Events

Upcoming events

Information System Security: Beyond the Sum of its Parts Analyze, Measure, Explain, Improve

Tobias Fiebig MPI-INF - D3
06 Jul 2022, 12:15 pm - 1:15 pm
Virtual talk
Joint Lecture Series
Building secure and dependable information systems is one of the biggest challenges of the 21st century. With ransomware attacks paralyzing whole countries and digital infrastructures for health and essential services under threat, information system security is no longer an academic question, but a necessity.

In this talk, we take a look at those who build secure digital environments: System Administrators. These information workers face multi-facetted challenges, and understanding how they (can) build secure system stretches beyond methods of individual disciplines. ...
Building secure and dependable information systems is one of the biggest challenges of the 21st century. With ransomware attacks paralyzing whole countries and digital infrastructures for health and essential services under threat, information system security is no longer an academic question, but a necessity.

In this talk, we take a look at those who build secure digital environments: System Administrators. These information workers face multi-facetted challenges, and understanding how they (can) build secure system stretches beyond methods of individual disciplines. Secure cryptographic algorithms may be of no use if their key material is accidentally published. Software updates cannot prevent a compromise if they have never been installed. An intrusion detection system may leave defenders blind if attacks hide in a storm of false positive notifications.

Following a line along prior research, we see how we have to combine methodology from various fields to scientifically approach and improve information system security. First, we see how we can analytically assess challenges for information system security. However, to quantify their impact we then have to develop and apply network measurement techniques. While security related measurements illustrate the scale of vulnerabilities— misconfigurations for example—they lack in explanatory value as to ¬why vulnerabilities occur. Using qualitative methodology here to better understand and explain the interaction of technology, organizations, and human factors then allows us to take a practical perspective on security challenges. Ultimately, this enables us to develop and advocate for solutions that do not only provide the right technology, but also ensure that this technology can be effectively used to create secure information systems.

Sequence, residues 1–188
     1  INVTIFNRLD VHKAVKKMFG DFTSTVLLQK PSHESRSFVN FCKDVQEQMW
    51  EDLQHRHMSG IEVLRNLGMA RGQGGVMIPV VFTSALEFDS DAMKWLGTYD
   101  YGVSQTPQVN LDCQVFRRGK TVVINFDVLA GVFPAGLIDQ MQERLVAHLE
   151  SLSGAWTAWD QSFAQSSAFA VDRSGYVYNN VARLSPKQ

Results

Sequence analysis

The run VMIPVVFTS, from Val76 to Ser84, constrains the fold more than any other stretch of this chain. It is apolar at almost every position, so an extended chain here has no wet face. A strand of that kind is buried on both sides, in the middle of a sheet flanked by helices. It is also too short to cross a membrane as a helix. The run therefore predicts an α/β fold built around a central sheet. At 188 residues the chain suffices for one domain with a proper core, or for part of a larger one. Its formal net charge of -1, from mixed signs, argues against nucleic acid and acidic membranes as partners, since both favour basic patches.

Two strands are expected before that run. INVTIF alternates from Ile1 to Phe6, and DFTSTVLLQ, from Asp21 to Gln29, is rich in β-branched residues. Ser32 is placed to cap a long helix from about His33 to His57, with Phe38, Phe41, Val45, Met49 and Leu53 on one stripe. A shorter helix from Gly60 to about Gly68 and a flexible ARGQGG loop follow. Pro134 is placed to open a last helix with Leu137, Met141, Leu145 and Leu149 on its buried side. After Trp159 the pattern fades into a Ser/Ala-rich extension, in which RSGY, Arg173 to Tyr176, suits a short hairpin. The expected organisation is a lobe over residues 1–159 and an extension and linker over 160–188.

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Consecutive integers divisible by a power of their largest prime factor

Jean-Marie De Koninck Université Laval
11 Jul 2022, 2:00 pm - 3:30 pm
Saarbrücken building E1 5, room 002
simultaneous videocast to Kaiserslautern building G26, room 111 / Meeting ID: 6312
SWS Colloquium
Given an integer n ≥ 2, let P (n) stand for its largest prime factor. Given integers k ≥ 2 and ℓ ≥ 2, consider the set Ek,ℓ of those integers n ≥ 2 for which P (n + i)ℓ | n + i for i = 0, 1, . . . , k. Each of these sets is very small. For instance, the smallest element of E3,2 is 1 294 298, the smallest known element of E3,3 has 77 digits and no elements of E4,2 are known, ...
Given an integer n ≥ 2, let P (n) stand for its largest prime factor. Given integers k ≥ 2 and ℓ ≥ 2, consider the set Ek,ℓ of those integers n ≥ 2 for which P (n + i)ℓ | n + i for i = 0, 1, . . . , k. Each of these sets is very small. For instance, the smallest element of E3,2 is 1 294 298, the smallest known element of E3,3 has 77 digits and no elements of E4,2 are known, even though all these sets are believed to be infinite. In this talk, using elementary, analytic and probabilistic approaches, we will shed some light on these sets and raise several open problems. This is joint work with Nicolas Doyon, Florian Luca and Matthieu Moineau.